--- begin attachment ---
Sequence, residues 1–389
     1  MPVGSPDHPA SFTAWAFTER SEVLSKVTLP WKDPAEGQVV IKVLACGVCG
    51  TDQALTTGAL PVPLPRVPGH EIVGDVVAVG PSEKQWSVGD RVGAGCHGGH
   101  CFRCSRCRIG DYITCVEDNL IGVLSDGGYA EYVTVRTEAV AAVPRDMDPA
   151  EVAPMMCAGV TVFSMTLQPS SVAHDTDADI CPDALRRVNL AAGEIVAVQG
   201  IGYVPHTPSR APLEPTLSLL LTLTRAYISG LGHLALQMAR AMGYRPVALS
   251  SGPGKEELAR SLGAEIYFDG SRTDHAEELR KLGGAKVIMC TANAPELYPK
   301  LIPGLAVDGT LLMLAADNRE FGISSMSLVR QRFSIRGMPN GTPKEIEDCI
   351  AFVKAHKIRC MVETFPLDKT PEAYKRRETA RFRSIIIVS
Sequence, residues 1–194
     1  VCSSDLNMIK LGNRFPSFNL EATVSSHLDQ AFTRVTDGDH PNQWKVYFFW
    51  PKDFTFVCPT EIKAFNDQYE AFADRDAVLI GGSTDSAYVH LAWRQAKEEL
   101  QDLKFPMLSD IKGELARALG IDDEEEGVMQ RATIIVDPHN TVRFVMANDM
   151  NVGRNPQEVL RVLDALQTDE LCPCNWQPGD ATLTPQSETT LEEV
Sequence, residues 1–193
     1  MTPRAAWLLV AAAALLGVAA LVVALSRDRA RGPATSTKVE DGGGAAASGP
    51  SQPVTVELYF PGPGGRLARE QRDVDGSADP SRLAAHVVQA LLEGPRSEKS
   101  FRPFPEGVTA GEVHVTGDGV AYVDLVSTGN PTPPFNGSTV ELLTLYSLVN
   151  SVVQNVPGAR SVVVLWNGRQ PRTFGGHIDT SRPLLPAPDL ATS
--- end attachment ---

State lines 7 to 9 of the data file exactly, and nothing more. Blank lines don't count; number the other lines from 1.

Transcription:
   251  SGPGKEELAR SLGAEIYFDG SRTDHAEELR KLGGAKVIMC TANAPELYPK
   301  LIPGLAVDGT LLMLAADNRE FGISSMSLVR QRFSIRGMPN GTPKEIEDCI
   351  AFVKAHKIRC MVETFPLDKT PEAYKRRETA RFRSIIIVS